This handy cookbook illustrates how low glycemic does not have to mean low taste or low happiness.
Health reporter, editor, and diabetic Dr. Maury Breecher and co-author Judy Lickus have written Low Glycemic Happiness—a cookbook for those labeled prediabetic, or for diabetics who wish to manage their condition (with a physician’s guidance) through dietary change. The book is particularly well suited for beginning cooks who appreciate shortcuts without sacrificing taste. The authors’ belief that eating low glycemic load foods “supports your highest levels of health and happiness” may hold crossover appeal for audiences intrigued by holistic wellness.
The book cites the obesity epidemic in America, Breecher’s own journey toward a healthier lifestyle, and studies on the effects of high GL and low GL foods to make a sensible case for eating more frequent, properly portioned meals that help maintain glucose levels. This, in turn, can have an impact on energy and mood. Without hyping the low-carb trend as a cure-all, the authors provide an informative, but not exhaustive, rationale for shifting habits. More than one hundred easy selections—each labeled with a glycemic index number and a glycemic load score—span chapters on breakfast, lunch, dinner, side dishes, and snacks.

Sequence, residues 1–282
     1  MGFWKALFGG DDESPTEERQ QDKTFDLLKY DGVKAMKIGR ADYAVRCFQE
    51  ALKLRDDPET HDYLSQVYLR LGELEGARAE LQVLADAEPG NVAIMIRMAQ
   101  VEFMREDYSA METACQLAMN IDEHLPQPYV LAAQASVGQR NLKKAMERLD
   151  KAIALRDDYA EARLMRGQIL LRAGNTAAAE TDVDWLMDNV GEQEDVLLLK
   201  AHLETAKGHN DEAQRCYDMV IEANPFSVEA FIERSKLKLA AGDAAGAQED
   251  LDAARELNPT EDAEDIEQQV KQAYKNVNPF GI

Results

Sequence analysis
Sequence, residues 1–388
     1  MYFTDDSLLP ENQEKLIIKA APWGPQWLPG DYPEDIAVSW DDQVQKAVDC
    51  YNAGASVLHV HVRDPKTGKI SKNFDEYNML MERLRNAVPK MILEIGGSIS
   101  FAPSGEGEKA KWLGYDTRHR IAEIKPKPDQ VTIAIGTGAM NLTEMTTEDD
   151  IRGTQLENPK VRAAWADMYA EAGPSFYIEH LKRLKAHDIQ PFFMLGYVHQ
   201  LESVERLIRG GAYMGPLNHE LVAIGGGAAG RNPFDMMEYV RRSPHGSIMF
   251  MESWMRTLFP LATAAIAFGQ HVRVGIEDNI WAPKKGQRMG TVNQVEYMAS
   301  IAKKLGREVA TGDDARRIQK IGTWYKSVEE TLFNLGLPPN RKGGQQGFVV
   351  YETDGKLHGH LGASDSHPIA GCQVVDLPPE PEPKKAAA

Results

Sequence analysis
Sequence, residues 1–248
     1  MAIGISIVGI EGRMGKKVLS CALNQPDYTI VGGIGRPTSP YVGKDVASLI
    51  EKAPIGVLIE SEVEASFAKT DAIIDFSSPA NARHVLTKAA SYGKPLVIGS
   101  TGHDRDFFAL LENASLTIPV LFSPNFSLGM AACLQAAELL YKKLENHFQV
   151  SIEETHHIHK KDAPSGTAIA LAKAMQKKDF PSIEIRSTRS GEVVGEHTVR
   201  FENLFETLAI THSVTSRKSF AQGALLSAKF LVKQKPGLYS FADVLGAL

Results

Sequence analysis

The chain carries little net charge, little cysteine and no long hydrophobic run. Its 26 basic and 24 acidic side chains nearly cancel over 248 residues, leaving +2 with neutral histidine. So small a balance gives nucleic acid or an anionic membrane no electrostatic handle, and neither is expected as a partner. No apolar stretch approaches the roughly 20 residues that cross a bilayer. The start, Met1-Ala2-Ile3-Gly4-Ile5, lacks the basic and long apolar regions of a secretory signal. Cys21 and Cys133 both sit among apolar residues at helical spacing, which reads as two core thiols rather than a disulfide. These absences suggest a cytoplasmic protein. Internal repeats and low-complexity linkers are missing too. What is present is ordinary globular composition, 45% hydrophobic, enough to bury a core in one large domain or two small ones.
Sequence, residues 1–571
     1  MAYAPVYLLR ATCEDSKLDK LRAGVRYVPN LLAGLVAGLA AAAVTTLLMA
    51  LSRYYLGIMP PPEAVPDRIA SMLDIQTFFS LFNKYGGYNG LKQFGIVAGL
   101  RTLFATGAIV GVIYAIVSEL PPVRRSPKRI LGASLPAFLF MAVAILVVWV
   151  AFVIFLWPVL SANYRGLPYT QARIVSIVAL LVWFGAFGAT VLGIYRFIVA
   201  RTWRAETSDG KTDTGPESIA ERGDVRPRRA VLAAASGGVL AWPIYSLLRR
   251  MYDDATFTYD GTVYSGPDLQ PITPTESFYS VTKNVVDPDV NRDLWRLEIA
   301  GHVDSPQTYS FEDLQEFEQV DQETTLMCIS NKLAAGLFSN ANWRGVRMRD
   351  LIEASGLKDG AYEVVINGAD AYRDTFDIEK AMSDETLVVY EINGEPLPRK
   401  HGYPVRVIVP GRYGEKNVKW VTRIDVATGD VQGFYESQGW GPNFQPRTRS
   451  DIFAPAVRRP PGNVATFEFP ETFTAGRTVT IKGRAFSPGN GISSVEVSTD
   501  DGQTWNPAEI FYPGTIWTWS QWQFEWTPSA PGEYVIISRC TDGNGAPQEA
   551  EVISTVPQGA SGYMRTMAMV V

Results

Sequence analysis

A straightforward black-and-white layout excludes photographs, sidebars, tips, and other frequent cookbook extras, allowing the emphasis to remain firmly on the dishes. Many recipes tend toward American clubhouse favorites (Waldorf Salad, Baked Chicken Parmesan, Crab Cake Monterey), with a handful of more international selections (Asian-inspired stir-fries, baba ghanoush) providing welcome variety.
For those seeking to minimize time in the kitchen, numerous recipes employ specific brands, including Blue Diamond Almond Breeze, Newman’s Own teriyaki marinade, and Campbell’s soups. Substitutions should pose minimal problems for culinary enthusiasts who prefer homemade, lower-sodium alternatives. A few items, such as Bragg Liquid Aminos, may be less familiar. The book also emphasizes simple preparations. Breakfast ideas include smoothies and several one-skillet meals. The chapter on snacks lists basic items, such as produce and Snickers energy bars, rather than original recipes. Lunches and dinners often feature quick items such as chicken breasts and a particularly wide range of seafood. Adding the total cooking time near the top of the recipes would be a helpful addition.
Of special note are the appendices, which provide further background on glycemic loads, metabolic syndrome, and related research, along with a guide for learning to calculate GL and GI numbers. With a style that emphasizes self-empowerment—“Be gentle with yourself and take time to enjoy each step along the way”—this book is a useful stepping stone for the new cook.
Disclosure: This article is not an endorsement, but a review. The publisher of this book provided free copies of the book and paid a small fee to have their book reviewed by a professional reviewer. Foreword Reviews and Clarion Reviews make no guarantee that the publisher will receive a positive review. Foreword Magazine, Inc. is disclosing this in accordance with the Federal Trade Commission’s 16 CFR, Part 255.